Long story short, I had a major miscommunication with a friend of mine that was coming to Paris to study at the Louvre, and I ended up in Paris with a bunch of nice clothing and literally no plan for the weekend. It was nearing Friday night, so I had to decide quickly what I was doing. That had never happened to me before: I was alone with a backpack of clothes in an incredibly central location, and I could go nearly anywhere. It honestly felt exhilarating and liberating, 10/10 would recommend (if you’re not the anxious type).
After spending an hour at the train station help desk figuring out how to get to Cinque Terre, I actually decided to play it safe and just go back to Metz and figure out what to do from there. I quickly convinced a friend to come with me to Freiburg, the closest, cutest German town I could find. It’s about 2.5-4 hours by train away from Metz, and I thought the fall colors would be in full swing for a nice Black Forest hike. Unfortunately, we somehow missed the train TWICE (this was not a good weekend for me), one because we were late and the other for literally no reason except that we didn’t check our watches. We finally got into Freiburg in the early evening, not giving us time to really do too much, but we made the most of it. The town butts up against a series of hills that are densely forested, mostly pine but a lot of little foliage as well.
We found a babbling brook and a whole host of little fens where a million rabbits lived. We came down at sunset and found our way to a tavern that served the meatiest, heftiest German meals I’ve ever seen. I had Schweinhaxen (pork knuckle), which sounds weird or even gross, but I promise it was incredible. I’m a small human and tried my hardest to finish the whole thing, but there was simply no way that could happen, as you may see in the picture.
My friend captured me with my hand over my heart, in a subconscious pledge of allegiance to the schweinhaxen. It was so good. We also had Black Forest cake, which is this thick cake with a ton of whipped cream and wine-soaked cherries on the bottom. Satisfied that we stuffed ourselves with pure Allemagne culture, we waddled back to the train station to hop over to our AirBnB in a neighboring suburb. If you have time, I’d definitely recommend taking a walk through the place where people actually live. It’s so interesting to see how just little things are similar or different from your own American neighborhood.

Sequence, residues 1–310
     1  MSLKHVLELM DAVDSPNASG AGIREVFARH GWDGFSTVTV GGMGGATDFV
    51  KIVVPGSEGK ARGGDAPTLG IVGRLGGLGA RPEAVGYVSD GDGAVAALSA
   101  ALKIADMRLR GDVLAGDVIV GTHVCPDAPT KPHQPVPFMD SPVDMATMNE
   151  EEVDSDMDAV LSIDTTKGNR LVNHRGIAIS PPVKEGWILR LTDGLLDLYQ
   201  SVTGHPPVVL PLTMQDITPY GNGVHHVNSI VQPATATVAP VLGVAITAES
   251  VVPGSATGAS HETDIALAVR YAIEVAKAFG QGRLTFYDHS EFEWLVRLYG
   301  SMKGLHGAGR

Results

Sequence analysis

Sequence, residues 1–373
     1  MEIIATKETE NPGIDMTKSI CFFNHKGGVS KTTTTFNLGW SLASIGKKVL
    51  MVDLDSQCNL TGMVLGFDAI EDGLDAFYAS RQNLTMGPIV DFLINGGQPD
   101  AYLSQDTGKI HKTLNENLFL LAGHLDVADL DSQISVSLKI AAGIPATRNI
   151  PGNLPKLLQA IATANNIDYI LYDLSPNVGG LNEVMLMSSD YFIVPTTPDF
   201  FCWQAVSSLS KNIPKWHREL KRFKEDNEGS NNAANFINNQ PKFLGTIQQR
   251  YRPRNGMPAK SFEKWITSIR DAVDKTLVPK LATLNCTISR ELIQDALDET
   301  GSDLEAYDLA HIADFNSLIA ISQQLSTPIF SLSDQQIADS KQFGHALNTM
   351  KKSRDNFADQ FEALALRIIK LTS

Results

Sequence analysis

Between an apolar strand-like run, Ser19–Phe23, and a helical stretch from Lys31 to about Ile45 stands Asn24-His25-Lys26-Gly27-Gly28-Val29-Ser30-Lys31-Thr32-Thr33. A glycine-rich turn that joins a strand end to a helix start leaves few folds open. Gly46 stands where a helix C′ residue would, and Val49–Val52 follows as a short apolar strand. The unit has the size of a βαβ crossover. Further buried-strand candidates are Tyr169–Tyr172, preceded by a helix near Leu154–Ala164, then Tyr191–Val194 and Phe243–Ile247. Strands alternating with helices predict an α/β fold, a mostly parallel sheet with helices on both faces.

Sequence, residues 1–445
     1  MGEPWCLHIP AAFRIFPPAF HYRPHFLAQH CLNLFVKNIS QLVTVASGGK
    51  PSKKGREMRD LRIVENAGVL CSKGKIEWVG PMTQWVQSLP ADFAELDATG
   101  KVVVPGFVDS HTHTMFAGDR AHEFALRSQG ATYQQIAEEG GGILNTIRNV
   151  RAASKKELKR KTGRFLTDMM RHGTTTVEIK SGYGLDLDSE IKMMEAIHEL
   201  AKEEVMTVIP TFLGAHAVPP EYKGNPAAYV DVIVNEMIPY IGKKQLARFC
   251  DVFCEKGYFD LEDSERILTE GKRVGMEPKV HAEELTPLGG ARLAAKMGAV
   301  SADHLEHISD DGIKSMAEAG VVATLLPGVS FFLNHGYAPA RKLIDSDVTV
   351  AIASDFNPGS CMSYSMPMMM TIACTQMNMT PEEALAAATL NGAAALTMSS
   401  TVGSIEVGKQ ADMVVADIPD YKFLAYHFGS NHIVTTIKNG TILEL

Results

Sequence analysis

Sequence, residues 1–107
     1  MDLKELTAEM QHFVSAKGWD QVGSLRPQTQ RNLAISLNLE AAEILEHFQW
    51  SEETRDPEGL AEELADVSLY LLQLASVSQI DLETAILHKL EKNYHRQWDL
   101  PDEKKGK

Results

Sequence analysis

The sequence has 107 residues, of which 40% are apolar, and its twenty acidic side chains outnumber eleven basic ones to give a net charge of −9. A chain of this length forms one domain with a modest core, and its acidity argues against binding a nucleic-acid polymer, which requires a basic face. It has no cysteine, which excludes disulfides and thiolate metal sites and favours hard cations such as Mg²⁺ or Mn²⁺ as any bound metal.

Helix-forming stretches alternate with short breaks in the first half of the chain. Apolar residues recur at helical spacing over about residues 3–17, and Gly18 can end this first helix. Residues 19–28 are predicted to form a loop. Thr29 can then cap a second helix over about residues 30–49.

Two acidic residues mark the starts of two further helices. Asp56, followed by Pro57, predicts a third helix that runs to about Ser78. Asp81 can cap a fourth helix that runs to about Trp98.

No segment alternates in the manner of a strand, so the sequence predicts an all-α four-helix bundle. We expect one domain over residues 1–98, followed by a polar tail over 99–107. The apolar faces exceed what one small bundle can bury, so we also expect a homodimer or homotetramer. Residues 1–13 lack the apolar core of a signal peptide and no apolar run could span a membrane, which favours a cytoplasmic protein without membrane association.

The next morning we headed into town for a last meal and walkabout before we trained home. Freiburg is one of the most eco-friendly places in Germany, so everyone is out on their bikes enjoying the cool fall weather. We weaved through a bunch of modern home decor shops and old woodworking stores, finally settling on a nice, strangely cheap fish restaurant for lunch near the old tower.
Fun fact: after WWII, Europe was so devastated that America had to step in and help rebuild, creating the Marshall Plan to stimulate the European economy. While doing so, America saw this as an opportunity to spread U.S. pop culture and business as widely as possible in an effort to unify a broken Europe wracked with inter-fighting and distrust. I love a lot of things about America, but the fact that you can’t take a picture of Checkpoint Charlie without also catching the KFC sign, and that McDonald’s chose to brandish its name on the defining cultural symbol of a small German town: this is absolutely ridiculous and asinine. American imperialism is alive and well.
Putting the America rant aside, Freiburg was a super cute town with a great atmosphere, I’d recommend it as a short weekend trip for sure.